Saint Paul the Hermit in Meditation
Now on view in the museum’s European galleries is a dramatic, half-length Saint Paul the Hermit in Meditation, on loan from a private collection. This rediscovered painting, which depicts the third-century saint in the wilderness, has been attributed to Jusepe de Ribera, called Lo Spagnoletto (baptized in Játva, Valencia, Spain, in 1591–died in Naples in 1652). Specialists who have studied the painting consider it close in date to the time of the artist’s arrival in Italy, placing it either in his short periods in Parma (about 1611/12) or in Rome (about 1615), before he moved in 1616 to Naples, where he made his career. While the dry, realistic still life of bread and dates—brought to Saint Paul by his raven—and the skull he holds look Spanish, the figure of the saint himself, the shaft of light traversing the canvas, and the landscape background demonstrate the influence of Central Italian painting on the impressionable young artist. Probably painted as a devotional work for a private patron, Saint Paul the Hermit was a subject of interest to religious orders such as the Carthusians or Carmelites and their supporters, who viewed the early-Christian Desert Fathers of Egypt as their spiritual ancestors. On exhibit in the same gallery are an etching and a red chalk study sheet by Ribera from the 1620s, allowing visitors to compare Ribera’s works in different media.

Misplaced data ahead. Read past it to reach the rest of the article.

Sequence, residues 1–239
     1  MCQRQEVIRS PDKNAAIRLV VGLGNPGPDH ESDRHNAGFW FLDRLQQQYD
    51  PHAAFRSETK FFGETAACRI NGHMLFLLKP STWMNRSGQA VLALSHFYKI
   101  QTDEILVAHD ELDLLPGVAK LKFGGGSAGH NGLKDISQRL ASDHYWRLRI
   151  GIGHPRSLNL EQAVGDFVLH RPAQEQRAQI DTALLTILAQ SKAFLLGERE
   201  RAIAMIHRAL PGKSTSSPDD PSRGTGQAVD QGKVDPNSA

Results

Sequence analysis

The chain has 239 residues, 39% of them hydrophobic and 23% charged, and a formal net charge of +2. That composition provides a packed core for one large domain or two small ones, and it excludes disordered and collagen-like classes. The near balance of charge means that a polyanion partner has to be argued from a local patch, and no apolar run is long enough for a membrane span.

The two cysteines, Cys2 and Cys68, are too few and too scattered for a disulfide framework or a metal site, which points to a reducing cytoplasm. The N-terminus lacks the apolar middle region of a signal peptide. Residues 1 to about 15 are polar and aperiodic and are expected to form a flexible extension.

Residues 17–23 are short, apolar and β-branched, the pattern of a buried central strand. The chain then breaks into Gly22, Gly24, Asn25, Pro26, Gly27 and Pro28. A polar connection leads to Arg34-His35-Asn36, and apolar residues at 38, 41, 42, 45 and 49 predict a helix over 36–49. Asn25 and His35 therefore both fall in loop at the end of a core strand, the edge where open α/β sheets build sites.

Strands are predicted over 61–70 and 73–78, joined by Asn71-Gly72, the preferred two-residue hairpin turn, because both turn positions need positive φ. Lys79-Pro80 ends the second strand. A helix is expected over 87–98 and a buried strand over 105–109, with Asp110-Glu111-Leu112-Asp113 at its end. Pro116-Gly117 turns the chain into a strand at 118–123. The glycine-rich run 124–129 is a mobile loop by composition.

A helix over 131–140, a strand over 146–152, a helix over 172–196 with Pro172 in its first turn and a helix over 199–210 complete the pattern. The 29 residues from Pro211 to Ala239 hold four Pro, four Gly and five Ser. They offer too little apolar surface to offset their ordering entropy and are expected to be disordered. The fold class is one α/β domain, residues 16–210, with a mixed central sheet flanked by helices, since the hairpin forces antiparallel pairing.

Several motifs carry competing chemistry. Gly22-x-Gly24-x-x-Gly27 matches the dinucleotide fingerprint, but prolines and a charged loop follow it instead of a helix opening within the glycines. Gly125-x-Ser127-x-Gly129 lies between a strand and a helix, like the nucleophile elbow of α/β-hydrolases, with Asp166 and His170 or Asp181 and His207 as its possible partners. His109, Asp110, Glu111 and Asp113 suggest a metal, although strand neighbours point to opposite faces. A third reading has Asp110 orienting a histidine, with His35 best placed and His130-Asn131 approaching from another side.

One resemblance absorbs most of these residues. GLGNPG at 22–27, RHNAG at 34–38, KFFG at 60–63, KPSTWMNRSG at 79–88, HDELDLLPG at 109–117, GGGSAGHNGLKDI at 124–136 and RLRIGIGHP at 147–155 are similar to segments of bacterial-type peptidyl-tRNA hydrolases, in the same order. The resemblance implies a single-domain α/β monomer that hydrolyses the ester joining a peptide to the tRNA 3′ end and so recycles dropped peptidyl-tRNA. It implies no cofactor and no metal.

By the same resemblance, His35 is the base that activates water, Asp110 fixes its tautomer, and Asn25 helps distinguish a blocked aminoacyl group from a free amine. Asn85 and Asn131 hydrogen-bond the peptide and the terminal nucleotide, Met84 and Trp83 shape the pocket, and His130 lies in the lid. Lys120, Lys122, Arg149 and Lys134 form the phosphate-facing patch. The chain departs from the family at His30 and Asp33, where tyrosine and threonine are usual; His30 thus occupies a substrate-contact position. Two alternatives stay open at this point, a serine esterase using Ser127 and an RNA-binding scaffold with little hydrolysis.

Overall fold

The painting is especially noteworthy in the context of a teaching museum. Just as newly emerged and reattributed youthful works of Gianlorenzo Bernini, in the 1970s and 1980s, and the juvenilia of Michelangelo Buonarroti, beginning in the 1980s, have been the subject of intense interest on the part of art historians, now works associated with the early career of Ribera have drawn their attention. In 2011 two exhibitions were organized of works by and attributed to the young Spaniard during his early years in Italy: one in Madrid during the summer and another in Naples during the fall. While there was not always consensus between the authors of the two exhibition catalogues about the trajectory of the artist’s early career, the discussions were lively and the authors’ differences tested the mettle of scholars, visitors to the exhibitions, and reviewers. It is our role, in a university museum, to be on the cutting edge of scholarship and to participate in the dialogues surrounding new subjects of research. The generous loan of Saint Paul the Hermit in Meditation is therefore doubly welcome in this context, permitting us not only to exhibit an atmospheric and moving religious work of the Counter-Reformation but also to present to students a painting that dates from the time of Ribera’s early experiences of Central Italian art.
Betsy Rosasco, Research Curator of European Painting and Sculpture